The kinematics of past deformations are often a primary goal in structural analyses of strained rocks. Details of the strain geometry, in particular, can help distinguish hypotheses about large-scale tectonic phenomena. Microstructural indicators of strain geometry have been heavily utilized to investigate large-scale kinematics. However, many of the existing techniques require structures for which the initial morphology is known, and those structures must undergo the same deformation as imposed macroscopically. Many deformed rocks do not exhibit such convenient features, and therefore the strain geometry is often difficult (if not impossible) to ascertain. Alternatively, crystallographic textures contain information about the strain geometry, but the influence of strain geometry can be difficult to separate from other environmental factors that might affect slip system activity and therefore the textural evolution. Here we explore the ability for geometrically necessary dislocations to record information about the deformation geometry. It is well known that crystallographic slip due to the motion of dislocations yields macroscopic plastic strain, and the mathematics are established to relate dislocation glide on multiple slip systems to the strain tensor of a crystal. This theoretical description generally assumes that dislocations propagate across the entire crystal. However, at any point during the deformation, dislocations are present that have not fully transected the crystal, existing either as free dislocations or as dislocations organized into substructures like subgrain boundaries. These dislocations can remain in the lattice after deformation if the crystal is quenched sufficiently fast, and we hypothesize that this residual dislocation population can be linked to the plastic strain geometry in a quantitative manner. To test this hypothesis, we use high-resolution electron backscatter diffraction to measure lattice curvatures in experimentally deformed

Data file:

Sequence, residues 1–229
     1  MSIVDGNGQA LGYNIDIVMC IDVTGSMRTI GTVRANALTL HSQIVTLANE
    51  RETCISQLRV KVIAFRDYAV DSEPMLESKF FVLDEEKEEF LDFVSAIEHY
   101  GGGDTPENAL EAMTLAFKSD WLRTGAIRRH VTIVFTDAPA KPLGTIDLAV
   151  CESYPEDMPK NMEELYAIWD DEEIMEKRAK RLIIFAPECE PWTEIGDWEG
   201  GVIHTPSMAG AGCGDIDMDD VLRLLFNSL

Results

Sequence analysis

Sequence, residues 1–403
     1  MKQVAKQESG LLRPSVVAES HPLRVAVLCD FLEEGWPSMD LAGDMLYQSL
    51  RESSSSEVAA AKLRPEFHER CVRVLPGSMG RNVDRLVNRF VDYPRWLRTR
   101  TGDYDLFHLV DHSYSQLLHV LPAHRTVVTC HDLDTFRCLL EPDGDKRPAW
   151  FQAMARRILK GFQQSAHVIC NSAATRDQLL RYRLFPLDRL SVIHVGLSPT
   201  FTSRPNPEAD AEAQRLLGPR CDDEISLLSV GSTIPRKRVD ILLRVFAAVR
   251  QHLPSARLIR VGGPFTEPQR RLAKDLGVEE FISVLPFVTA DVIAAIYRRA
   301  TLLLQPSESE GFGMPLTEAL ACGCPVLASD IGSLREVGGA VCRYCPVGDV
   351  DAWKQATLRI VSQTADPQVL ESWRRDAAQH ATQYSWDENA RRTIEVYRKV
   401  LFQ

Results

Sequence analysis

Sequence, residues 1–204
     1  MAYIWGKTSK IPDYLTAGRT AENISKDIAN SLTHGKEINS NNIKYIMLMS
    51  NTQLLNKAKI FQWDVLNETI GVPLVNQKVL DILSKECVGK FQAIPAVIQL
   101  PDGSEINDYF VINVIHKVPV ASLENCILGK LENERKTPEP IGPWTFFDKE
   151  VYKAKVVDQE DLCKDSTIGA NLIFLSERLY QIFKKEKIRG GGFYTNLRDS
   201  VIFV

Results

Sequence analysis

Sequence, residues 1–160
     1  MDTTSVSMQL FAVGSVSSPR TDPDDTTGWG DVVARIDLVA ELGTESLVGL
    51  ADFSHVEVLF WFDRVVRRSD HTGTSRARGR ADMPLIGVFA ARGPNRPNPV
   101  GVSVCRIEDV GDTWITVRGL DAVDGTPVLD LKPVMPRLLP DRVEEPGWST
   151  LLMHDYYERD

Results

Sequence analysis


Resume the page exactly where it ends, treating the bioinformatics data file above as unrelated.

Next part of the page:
11. Using Kinesthetic Activities to Teach Ptolemaic and Copernican Retrograde Motion